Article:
Since 2005, when Kohlberg arrived at Harvard to lead OTD, this unit of the provost’s office has helped to launch more than 100 companies built around Harvard technologies. The staff is focused on providing a series of bridges from the lab to the startup, whether in the form of research funding, advice and networking, or strategic planning.
Much of OTD’s success has come from the life sciences, where commercially promising research can get an extra boost from the Blavatnik Biomedical Accelerator, and where emerging companies benefit from Boston’s robust early-stage venture ecosystem. Heavy hitters have included Genocea Biosciences (vaccines), Selecta Biosciences (biologic therapies), Editas Medicine (genome editing), Tetraphase Pharmaceuticals (antibiotics), and Magenta Therapeutics (stem cell transplantation). Outside of the life sciences, Harvard’s pilot Physical Sciences & Engineering Accelerator has demonstrated early success with startups like Voxel8 (3-D printing), Perusall (educational technology), and RightHand Robotics (warehouse automation).
“Harvard is producing a lot of high-quality stuff that’s got commercial legs,” said Harrison, who spent much of his time on campus last year connecting with researchers at the intersection of materials science, computer science, and biology. “The smaller departments are punching above their weight.”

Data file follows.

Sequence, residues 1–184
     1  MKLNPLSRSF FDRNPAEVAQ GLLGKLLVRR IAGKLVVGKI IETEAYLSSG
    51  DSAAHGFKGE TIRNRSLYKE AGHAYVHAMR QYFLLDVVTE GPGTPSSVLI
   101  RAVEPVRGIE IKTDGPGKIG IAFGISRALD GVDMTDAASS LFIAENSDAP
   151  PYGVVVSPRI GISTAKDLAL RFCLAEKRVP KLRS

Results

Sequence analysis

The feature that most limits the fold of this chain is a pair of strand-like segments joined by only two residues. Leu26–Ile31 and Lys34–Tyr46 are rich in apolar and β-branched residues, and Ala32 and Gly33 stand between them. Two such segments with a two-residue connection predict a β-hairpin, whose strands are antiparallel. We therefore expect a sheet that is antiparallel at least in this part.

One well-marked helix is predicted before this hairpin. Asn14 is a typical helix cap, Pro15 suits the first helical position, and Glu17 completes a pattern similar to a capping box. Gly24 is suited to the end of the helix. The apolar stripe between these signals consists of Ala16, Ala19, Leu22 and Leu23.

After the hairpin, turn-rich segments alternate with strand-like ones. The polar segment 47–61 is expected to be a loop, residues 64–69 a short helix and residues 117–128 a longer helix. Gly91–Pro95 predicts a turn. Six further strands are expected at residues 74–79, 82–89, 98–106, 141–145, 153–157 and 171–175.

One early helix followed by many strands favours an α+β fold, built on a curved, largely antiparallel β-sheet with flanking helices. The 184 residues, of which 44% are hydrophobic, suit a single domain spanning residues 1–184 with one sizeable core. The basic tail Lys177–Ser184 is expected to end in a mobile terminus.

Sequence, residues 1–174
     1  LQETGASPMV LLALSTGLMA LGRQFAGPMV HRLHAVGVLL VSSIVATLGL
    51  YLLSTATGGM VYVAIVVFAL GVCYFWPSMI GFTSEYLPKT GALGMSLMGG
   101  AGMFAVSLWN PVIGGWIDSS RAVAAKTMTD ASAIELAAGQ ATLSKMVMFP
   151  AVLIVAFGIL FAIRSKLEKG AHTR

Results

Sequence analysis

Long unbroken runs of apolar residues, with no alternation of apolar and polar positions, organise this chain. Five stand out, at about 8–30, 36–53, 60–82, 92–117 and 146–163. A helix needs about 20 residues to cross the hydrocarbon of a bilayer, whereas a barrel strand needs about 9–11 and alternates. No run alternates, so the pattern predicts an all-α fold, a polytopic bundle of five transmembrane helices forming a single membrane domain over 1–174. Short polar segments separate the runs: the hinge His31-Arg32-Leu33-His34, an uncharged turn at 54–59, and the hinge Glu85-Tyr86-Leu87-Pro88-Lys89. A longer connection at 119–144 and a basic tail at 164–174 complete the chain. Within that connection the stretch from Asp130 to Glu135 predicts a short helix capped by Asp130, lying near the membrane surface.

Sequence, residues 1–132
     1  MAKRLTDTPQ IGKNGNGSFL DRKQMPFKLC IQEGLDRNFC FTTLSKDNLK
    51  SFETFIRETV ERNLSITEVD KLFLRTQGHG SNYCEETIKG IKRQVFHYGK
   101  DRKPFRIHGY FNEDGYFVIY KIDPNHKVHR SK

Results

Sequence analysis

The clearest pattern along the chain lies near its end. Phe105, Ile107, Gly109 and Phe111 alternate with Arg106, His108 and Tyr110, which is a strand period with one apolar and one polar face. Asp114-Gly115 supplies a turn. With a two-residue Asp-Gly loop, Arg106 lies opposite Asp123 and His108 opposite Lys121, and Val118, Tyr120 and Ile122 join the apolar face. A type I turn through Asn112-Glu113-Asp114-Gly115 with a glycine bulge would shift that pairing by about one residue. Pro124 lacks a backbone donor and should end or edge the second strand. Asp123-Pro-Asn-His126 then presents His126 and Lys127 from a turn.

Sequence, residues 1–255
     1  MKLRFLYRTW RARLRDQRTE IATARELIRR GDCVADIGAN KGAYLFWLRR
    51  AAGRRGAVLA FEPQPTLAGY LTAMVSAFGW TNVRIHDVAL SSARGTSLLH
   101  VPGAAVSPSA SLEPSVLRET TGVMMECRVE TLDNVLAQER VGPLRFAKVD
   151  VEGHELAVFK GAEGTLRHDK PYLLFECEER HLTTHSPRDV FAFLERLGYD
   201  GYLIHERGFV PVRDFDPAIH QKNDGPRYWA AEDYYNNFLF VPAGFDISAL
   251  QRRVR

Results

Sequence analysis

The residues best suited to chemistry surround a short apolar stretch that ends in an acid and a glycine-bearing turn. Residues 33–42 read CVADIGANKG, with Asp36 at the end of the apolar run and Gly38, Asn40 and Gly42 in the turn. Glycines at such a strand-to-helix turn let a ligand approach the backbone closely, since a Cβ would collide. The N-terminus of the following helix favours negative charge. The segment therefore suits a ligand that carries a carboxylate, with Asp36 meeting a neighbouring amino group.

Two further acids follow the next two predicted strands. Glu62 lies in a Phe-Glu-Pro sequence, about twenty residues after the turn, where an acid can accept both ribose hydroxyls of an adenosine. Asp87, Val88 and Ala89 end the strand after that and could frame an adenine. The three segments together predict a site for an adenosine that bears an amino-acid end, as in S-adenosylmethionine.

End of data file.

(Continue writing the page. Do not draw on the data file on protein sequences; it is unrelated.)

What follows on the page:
The EIR program promises to provide greater entrepreneurial and strategic leadership to translational research projects University-wide. Kohlberg plans to bring in between five and eight EIRs with expertise to inform all areas of life science and physical science and, over time, rotate in new candidates. The point, he said, is that in the right hands — with companies that are committed and well equipped — potent innovations can be developed to their fullest potential.
To maximize the potential for serendipity, the program is flexible. According to Kohlberg, an EIR can work horizontally across a number of projects, groups, and individuals, scanning the fertile research environment for opportunities. Or, an EIR can engage vertically, identifying a specific project and working with the research group to turn the concept into a startup.
In either case, EIRs can make connections to prospective investors and provide advice, mentorship, and coaching about the startup process. They can offer counsel on business models and on fundraising strategies, as well as on how to pitch an idea and address the business challenges unique to each innovation.
“The EIRs will talk to all these various faculty, postdocs, and graduate students. We’ll introduce them to people, and they’ll find a bunch on their own,” said Sam Liss, executive director for strategic partnerships in OTD. “Being an EIR gives them a platform from which to go find interesting technology and see what develops out of it.”
For Azim, who previously helped launch three venture-backed startups, inspiration came easily: “I was just blown away by people’s curiosity to solve problems, and their creativity, frankly.” He said it was rewarding to be able to contribute an external perspective. “As they are deep into very specialized research, most of these students and researchers don’t have the professional network at this stage to tap into industry thought leadership or key decision-makers. The EIR program is a really good mechanism to bridge that chasm.”
Harrison and Azim each have met and mentored many research teams at the University.